How stock indexes are rigged — and why that’s great for your clientArticle added by Patrick Kelly on January 10, 2012
Patrick Kelly

Patrick Kelly

Seattle, WA

Joined: September 22, 2011

My Company

The word rigged is usually followed by the words lawsuit, loss or liability. But in the case of stock market indexes, I’m going to argue just the opposite, that rigged is indeed a term of endearment.

I’m sure the title of this article caused you just a little heartburn. I mean, rigged isn’t typically a consumer-friendly term. The word rigged is usually followed by the words lawsuit, loss or liability. But in the case of stock market indexes, I’m going to argue just the opposite, that rigged is indeed a term of endearment.

First, I must point out that I am not a stock market historian; nor will this article be an in-depth study of market performance. What this article is intended to do is introduce you to one powerful aspect of stock market indexes that may never have crossed your mind. It’s this: Unlike individual companies, stock indexes don’t fail.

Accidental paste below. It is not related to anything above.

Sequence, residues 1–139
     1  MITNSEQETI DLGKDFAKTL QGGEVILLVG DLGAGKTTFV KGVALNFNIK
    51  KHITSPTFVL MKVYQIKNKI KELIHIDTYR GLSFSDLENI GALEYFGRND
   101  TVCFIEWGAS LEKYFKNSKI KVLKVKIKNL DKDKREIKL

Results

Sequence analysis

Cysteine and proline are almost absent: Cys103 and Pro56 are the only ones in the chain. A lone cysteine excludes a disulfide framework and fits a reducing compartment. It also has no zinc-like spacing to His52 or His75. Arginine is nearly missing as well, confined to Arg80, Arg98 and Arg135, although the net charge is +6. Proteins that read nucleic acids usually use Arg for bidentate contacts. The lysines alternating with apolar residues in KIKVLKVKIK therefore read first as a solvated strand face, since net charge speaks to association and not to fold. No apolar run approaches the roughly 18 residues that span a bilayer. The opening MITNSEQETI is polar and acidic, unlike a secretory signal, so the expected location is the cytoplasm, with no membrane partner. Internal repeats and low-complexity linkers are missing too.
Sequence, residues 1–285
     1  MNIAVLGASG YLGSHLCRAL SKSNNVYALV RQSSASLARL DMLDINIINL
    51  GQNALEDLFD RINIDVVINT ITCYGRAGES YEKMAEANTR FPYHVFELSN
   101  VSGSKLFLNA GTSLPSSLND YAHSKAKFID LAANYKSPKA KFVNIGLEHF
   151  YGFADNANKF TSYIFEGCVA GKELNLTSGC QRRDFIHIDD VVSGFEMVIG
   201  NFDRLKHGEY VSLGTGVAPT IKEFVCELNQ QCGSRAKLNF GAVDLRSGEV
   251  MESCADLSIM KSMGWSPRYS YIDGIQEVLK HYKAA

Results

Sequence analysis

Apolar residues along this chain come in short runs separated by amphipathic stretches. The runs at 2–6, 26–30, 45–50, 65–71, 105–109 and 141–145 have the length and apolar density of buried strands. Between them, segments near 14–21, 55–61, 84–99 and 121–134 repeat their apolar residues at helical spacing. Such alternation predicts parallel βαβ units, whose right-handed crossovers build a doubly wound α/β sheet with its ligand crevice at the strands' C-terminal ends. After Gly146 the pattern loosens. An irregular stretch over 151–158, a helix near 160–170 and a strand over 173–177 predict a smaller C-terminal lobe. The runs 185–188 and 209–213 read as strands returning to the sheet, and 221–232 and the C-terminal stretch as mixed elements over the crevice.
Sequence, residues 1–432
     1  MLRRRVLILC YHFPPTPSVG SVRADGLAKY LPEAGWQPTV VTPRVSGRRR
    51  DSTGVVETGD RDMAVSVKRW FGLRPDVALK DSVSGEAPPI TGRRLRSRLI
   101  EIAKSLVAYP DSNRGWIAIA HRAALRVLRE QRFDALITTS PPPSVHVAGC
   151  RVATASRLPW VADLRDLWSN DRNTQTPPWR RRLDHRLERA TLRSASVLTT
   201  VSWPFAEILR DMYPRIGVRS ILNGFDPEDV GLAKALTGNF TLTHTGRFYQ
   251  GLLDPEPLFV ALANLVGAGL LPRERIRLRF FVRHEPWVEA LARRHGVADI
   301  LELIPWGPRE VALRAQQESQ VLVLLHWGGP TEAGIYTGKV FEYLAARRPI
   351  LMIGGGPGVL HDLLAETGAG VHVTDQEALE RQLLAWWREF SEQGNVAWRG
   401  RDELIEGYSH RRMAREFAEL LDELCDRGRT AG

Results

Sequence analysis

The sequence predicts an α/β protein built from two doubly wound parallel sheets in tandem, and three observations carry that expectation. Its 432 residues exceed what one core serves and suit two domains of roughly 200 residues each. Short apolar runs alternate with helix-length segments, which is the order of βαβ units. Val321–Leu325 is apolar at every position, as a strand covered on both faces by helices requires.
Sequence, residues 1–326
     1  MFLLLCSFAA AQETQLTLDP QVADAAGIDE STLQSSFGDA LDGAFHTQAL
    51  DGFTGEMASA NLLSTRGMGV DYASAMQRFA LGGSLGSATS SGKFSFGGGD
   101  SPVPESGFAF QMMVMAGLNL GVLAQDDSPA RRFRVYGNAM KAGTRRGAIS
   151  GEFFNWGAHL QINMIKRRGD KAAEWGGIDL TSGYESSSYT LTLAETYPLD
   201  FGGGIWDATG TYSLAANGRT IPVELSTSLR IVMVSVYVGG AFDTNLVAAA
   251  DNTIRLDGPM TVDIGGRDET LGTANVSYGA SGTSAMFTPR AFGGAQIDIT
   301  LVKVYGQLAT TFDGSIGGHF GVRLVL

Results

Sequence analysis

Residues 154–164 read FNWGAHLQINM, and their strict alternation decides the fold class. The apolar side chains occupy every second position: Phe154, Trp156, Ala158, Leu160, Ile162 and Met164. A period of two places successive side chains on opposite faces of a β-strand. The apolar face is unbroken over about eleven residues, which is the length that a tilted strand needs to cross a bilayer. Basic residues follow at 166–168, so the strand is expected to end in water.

Have you ever thought about that? Companies fail, but indexes don’t. While they may take massive losses from time to time, like we saw during the 1929 market crash and the 2008-2009 credit crisis, stock indexes are rigged to win in the long run. Let’s explore why this is the case by answering the three following questions.